Make Mine Modular (Bonus Material)

Producer/engineer/percussionist John McEntire is well known for his sophisticated use of analog synthesizers for audio processing with bands such as Tortoise, Stereolab and the Fiery Furnaces. (Read his EM feature interview.)


Producer/engineer/percussionist John McEntire is well known for his sophisticated use of analog synthesizers for audio processing with bands such as Tortoise, Stereolab and the Fiery Furnaces. (Read his EM feature interview.)

Tortoise''s latest release, Beacons of Ancestorship (Thrill Jockey), is chock full of synth textures and unusual processing. I recently had a chance to ask McEntire a couple of questions about how he works with modulars in the studio.

What types of analog synth modules do you typically use for processing individual tracks from your DAW?
Comparators are fun and have two main uses: turning any incoming audio into pure square waves or generating triggers (typically from drums and percussion) for other sounds patched on the modular. I use wave multipliers (especially the Blacet Mini Wave) for intense, harmonically rich distortion.

Ring modulators are great, obviously, even when using LFOs as a carrier for tremolo-type effects. The frequency shifter is a staple of mine, especially on drums. But filters, in all their various flavors, are probably the most commonly employed. One subset of that would be the fixed-filter bank, which is very interesting when used for spectral panning.

A number of modules have counterparts in outboard gear, such as phase shifters, delays and so on, but it's interesting to build patches that integrate those elements within rather than adding them as a sweetener at the end of a chain.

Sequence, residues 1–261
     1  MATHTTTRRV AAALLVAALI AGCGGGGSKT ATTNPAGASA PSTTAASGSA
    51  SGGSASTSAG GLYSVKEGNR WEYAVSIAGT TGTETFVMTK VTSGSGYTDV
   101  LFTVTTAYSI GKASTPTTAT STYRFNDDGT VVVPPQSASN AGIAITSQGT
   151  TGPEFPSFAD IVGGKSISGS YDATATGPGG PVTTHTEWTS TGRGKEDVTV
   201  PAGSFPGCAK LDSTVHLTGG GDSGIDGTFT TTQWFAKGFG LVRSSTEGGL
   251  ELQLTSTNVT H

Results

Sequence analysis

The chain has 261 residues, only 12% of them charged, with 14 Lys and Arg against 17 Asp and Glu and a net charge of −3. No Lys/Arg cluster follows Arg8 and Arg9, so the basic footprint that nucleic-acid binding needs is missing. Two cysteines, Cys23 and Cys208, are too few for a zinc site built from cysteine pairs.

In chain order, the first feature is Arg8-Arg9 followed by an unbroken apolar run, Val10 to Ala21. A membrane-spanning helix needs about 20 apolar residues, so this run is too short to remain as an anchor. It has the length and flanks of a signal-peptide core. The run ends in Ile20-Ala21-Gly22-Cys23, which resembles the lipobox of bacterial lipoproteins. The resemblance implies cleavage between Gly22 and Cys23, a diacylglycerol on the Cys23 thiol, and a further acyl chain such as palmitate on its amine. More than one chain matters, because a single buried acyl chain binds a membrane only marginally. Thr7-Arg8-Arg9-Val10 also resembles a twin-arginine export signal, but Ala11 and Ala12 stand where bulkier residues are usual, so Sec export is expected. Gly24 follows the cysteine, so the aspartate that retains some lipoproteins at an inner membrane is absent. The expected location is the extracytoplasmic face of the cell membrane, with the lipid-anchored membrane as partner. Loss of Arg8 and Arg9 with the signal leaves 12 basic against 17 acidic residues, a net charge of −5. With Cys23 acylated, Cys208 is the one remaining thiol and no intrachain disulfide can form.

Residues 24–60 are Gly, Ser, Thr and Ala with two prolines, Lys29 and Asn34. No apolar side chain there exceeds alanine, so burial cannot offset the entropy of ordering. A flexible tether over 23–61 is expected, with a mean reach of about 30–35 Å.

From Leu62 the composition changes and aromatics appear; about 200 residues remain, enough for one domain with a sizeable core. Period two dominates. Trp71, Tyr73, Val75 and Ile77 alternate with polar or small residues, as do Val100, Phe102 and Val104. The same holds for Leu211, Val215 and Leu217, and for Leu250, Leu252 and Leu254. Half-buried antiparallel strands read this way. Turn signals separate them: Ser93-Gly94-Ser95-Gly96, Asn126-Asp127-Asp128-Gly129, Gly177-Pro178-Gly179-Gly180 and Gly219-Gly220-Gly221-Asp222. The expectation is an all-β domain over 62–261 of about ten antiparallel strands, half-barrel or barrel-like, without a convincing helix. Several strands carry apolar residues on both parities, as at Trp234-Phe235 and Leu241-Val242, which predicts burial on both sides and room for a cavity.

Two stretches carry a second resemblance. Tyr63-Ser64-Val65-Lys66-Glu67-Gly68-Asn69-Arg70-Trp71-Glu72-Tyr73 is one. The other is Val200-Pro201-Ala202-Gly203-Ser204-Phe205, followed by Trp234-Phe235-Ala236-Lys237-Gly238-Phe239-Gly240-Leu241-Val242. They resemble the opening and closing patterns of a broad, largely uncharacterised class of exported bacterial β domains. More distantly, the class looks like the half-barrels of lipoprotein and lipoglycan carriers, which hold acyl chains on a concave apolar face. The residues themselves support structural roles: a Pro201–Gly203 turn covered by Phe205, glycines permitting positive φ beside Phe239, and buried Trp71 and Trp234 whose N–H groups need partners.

How do you deal with gain staging? Are there any issues you have to deal with?
Not really. Everything seems to interface quite well.

Do you use MIDI or a pulse (from one of the DAW tracks) to drive things like envelopes, or to trigger events, or for sync with time-based processing?
I will usually write in MIDI notes and those will be sent to a MIDI-to-CV converter. I find it useful to use analog sequencers in parallel with the DAW, for controlling filter parameters, for example. I'm really looking forward to MOTU's Volta to address this application and many others.

When you do outboard filtering or processing, do you run the processing signal through an amp (essentially reamping it) or do you go directly back into the DAW?
Usually I will not run the signal through an amp. And even if that is desired, the return will be printed direct and then reamped at a later stage.


Although there is no standard size for analog synth modules, there are some common formats. Knowing which systems fit these particular sizes will help you assemble the module configuration that best suits your needs.

Most of the modules in this article conform to the international rack standard in height and width. The standard horizontal rack width is 19 inches, but individual modules come in a wide variety of widths. That means you will have to do some organizing if you want to fill a rackspace effectively.

There are several standards when it comes to module height. One vertical rack unit (U) is 1.75 inches. Original Moog modules were a standard height of 8.75 inches or 5U. The modules from Encore Electronics, Oakley, Synthesis Technology and fit that profile. PAiA's Fractional Rack (Frac Rac) system is 5.25 inches or 3U tall. Modules from PAiA and Blacet Research fit that configuration.

The Euro subrack (Eurorack) standard is also 3U tall, but the mounting rails are somewhat different. Modules from Analogue Solutions, Analogue Systems and Doepfer fit that standard. In the Euro subrack, the 19-inch width is divided into smaller units known as HP (Horizontal Ppitch) or TE (from the German for “parts per measure”). Each HP/TE unit is 5.08 mm or 0.2 inches. Modules come in sizes ranging from 4 to 72 HP/TE. A 19-inch rack holds 84 HP/TE.

If you're planning to mix modules from different companies within a 3U rack, note that the position of the screws on the front panel of the modules may differ slightly from company to company. That is especially true if you're mixing modules from European and U.S. manufacturers. Additionally, you''ll need to address power supply connector issues, but most manufacturers offer cables that work with each rack format.

If you have any additional concerns regarding compatibility issues about a module you want to add to your rack, share them with the manufacturer of the modules you are purchasing. They will give you advice on how to mount the module and power it up. It is in the company's best interest to make you a satisfied customer because they know that you will be back for more once you get a taste of modular synthesis.